Walnuts

    Walnuts are bursting with ALA, the omega 3 fatty acid and super-antioxidant that works to scavenge free-radicals and repair and protect cell membranes in the brain. A study among college students in 2011 revealed that regular consumption of walnuts had a significant improvement on inference capacity, or critical thinking.

    Grapes

    Grapes are an amazing source of vitamins K and C (important nutrients for tissue health), resveratrol (a powerful anti-inflammatory plant compound) and antioxidants. In fact, the majority of antioxidants in grapes are actually found in the skin and seeds of the grape. Research has found that the consumption of grapes can influence performance across a wide range of tasks, in particular quicker response times.

    Cruciferous vegetables (cabbage, broccoli, cauliflower, Brussel sprouts)

    A small bowl of green veggies may not be the most sought-after snack, but benefits to brain performance could definitely be worth it…According to one recent study, consumers of cruciferous vegetables were found to perform better in several cognitive tests than non-consumers. Cruciferous veggies as well as other dark green leafy vegetables are natural superstars in the nutrition department because they’re literally bursting with healthy nutrients and vitamins. In fact, ½ a cup of kale has 50 times more lutein than an egg (lutein is a naturally occurring carotenoid that has been found to have an incredibly powerful role in neutralizing free radicals, reducing oxidative stress and lowering inflammation). Whenever we get the chance, we pack our meals with some brain-boosting green veggies, making them the perfect work lunch to support your brain for a productive and supercharged work afternoon J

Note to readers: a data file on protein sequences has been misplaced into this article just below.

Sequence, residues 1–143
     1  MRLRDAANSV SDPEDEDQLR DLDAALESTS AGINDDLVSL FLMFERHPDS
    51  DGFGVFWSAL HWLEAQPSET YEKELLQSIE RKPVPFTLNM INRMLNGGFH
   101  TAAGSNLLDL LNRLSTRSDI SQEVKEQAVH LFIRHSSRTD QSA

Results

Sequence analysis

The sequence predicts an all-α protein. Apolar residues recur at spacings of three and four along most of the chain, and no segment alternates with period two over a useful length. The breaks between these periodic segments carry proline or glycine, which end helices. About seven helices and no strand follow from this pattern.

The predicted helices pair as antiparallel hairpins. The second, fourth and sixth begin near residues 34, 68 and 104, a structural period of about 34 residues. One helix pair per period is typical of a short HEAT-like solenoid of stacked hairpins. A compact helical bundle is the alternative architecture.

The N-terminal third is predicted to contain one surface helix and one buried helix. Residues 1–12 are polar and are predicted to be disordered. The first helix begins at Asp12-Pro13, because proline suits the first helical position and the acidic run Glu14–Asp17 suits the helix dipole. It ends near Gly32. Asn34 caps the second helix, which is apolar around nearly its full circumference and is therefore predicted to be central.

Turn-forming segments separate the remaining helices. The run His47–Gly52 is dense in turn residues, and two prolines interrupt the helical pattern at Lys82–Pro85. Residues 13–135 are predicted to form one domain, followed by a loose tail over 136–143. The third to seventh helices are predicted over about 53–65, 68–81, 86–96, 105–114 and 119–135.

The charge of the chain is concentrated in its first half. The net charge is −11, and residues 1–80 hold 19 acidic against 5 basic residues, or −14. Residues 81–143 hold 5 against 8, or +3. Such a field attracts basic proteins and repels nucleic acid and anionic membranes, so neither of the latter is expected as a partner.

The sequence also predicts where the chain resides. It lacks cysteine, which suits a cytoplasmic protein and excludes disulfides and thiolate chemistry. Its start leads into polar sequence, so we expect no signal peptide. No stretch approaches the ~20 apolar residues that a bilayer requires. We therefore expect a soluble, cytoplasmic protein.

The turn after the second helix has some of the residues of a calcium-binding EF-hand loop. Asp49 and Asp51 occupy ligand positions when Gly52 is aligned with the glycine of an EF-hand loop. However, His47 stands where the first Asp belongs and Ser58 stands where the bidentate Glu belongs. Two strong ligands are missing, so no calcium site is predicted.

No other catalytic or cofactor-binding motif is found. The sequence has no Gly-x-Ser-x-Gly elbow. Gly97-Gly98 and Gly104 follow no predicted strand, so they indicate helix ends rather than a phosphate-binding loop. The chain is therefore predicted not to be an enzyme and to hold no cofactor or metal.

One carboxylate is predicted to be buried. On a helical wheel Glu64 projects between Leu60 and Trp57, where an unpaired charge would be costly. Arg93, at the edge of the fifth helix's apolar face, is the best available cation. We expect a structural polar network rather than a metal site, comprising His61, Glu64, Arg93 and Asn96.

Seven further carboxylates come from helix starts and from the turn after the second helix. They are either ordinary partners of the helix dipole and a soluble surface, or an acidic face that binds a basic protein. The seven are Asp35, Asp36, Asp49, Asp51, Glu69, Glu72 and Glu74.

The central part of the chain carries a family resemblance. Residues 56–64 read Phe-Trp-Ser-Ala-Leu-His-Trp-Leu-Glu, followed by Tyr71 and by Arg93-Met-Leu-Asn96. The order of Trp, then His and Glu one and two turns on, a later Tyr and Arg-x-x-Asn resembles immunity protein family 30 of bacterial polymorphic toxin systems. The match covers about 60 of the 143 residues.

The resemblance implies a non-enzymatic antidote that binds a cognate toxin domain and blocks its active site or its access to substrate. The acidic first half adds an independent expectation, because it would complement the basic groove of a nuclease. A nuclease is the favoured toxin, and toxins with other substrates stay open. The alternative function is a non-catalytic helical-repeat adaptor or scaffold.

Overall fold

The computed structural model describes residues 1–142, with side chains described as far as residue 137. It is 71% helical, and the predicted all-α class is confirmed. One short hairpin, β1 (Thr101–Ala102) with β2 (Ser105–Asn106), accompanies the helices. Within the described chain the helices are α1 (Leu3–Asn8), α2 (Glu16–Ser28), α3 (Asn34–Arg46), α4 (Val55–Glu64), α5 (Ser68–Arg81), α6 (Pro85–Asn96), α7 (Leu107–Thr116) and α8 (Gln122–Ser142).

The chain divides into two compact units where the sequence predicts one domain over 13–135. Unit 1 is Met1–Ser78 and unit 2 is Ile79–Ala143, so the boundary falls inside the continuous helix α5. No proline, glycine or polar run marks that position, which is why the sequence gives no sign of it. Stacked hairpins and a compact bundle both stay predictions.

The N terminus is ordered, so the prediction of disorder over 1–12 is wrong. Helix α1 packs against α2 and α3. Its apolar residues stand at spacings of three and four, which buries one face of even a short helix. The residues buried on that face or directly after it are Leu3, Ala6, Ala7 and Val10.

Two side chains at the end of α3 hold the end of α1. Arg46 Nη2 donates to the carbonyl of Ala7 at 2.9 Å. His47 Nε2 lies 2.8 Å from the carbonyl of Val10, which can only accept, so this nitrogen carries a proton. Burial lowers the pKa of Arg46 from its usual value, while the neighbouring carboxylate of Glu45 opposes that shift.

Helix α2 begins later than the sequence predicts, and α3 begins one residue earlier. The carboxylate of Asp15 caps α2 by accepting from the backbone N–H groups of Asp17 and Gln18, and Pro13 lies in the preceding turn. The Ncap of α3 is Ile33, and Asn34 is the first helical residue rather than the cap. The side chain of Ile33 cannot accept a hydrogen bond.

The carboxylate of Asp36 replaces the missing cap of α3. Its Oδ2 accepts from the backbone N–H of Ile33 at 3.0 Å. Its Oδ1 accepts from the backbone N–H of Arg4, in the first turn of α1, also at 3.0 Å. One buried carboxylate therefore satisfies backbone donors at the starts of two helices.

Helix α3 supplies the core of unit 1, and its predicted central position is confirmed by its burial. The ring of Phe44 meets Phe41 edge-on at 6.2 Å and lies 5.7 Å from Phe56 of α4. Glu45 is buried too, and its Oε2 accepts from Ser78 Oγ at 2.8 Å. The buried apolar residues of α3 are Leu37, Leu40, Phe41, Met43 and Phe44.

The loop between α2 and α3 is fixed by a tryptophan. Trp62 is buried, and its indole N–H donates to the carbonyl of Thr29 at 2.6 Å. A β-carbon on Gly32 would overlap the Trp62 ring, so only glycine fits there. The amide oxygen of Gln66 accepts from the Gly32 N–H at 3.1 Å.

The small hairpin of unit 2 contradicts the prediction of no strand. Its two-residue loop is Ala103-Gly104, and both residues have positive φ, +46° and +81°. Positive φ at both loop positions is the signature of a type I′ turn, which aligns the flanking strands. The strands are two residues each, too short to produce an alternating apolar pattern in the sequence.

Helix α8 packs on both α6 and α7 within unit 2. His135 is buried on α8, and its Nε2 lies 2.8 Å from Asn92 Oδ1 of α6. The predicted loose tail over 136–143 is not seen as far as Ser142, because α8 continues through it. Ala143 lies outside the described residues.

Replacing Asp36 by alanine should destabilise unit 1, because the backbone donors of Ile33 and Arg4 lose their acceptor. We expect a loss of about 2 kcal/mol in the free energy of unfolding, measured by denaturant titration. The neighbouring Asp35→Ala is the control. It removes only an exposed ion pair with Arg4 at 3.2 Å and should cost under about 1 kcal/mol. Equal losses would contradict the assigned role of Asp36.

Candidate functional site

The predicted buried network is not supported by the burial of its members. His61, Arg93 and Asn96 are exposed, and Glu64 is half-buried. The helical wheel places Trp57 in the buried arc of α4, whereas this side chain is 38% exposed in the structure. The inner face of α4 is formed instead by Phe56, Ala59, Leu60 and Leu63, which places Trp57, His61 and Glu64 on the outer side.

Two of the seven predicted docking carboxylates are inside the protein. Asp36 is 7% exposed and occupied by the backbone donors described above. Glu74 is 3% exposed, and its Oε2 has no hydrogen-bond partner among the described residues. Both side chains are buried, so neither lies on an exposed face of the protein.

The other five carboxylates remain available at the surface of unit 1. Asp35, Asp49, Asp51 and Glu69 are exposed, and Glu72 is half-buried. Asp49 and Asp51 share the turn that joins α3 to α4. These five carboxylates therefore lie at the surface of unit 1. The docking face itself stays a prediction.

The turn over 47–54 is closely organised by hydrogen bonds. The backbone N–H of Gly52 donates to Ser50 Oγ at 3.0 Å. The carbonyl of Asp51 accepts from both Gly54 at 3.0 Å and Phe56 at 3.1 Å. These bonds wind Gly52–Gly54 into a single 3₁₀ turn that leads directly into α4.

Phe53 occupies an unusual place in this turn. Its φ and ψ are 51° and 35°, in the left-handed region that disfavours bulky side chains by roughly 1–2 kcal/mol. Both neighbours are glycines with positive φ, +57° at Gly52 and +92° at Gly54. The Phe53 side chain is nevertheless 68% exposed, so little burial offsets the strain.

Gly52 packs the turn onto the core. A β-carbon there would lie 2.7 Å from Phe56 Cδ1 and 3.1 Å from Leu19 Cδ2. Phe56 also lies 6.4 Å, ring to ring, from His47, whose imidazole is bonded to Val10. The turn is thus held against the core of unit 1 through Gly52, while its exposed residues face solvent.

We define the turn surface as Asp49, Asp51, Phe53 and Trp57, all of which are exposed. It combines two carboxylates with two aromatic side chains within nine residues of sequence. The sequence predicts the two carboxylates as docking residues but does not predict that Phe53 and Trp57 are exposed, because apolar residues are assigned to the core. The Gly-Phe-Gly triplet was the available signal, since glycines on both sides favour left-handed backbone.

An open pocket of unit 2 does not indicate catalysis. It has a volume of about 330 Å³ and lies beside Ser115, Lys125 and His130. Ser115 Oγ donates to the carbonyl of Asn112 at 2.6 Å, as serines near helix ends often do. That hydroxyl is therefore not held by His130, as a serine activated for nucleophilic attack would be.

References:

    Lamport DJ, Lawton CL, Merat N, Jamson H, Myrissa K, Hofman D, Chadwick HK, Quadt F, Wightman JD, Dye L. Concord grape juice, cognitive function, and driving performance: a 12-wk, placebo-controlled, randomized crossover trial in mothers of preteen children. Am J Clin Nutr. 2016 Mar;103(3):775-83. doi: 10.3945/ajcn.115.114553. Epub 2016 Feb 10. PMID: 26864371.
    Miller MG, Hamilton DA, Joseph JA, Shukitt-Hale B. Dietary blueberry improves cognition among older adults in a randomized, double-blind, placebo-controlled trial. Eur J Nutr. 2018 Apr;57(3):1169-1180. doi: 10.1007/s00394-017-1400-8. Epub 2017 Mar 10. PMID: 28283823.
    Pribis P, Bailey RN, Russell AA, Kilsby MA, Hernandez M, Craig WJ, Grajales T, Shavlik DJ, Sabatè J. Effects of walnut consumption on cognitive performance in young adults. Br J Nutr. 2012 May;107(9):1393-401. doi: 10.1017/S0007114511004302. Epub 2011 Sep 19. PMID: 21923981.
    Whyte AR, Schafer G, Williams CM. Cognitive effects following acute wild blueberry supplementation in 7- to 10-year-old children. Eur J Nutr. 2016 Sep;55(6):2151-62. doi: 10.1007/s00394-015-1029-4. Epub 2015 Oct 5. PMID: 26437830.